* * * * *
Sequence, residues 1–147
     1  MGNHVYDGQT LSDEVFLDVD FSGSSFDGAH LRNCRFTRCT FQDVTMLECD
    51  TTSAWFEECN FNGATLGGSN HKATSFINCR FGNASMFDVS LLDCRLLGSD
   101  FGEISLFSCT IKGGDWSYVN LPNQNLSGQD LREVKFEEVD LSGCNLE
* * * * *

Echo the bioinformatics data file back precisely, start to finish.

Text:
Sequence, residues 1–147
     1  MGNHVYDGQT LSDEVFLDVD FSGSSFDGAH LRNCRFTRCT FQDVTMLECD
    51  TTSAWFEECN FNGATLGGSN HKATSFINCR FGNASMFDVS LLDCRLLGSD
   101  FGEISLFSCT IKGGDWSYVN LPNQNLSGQD LREVKFEEVD LSGCNLE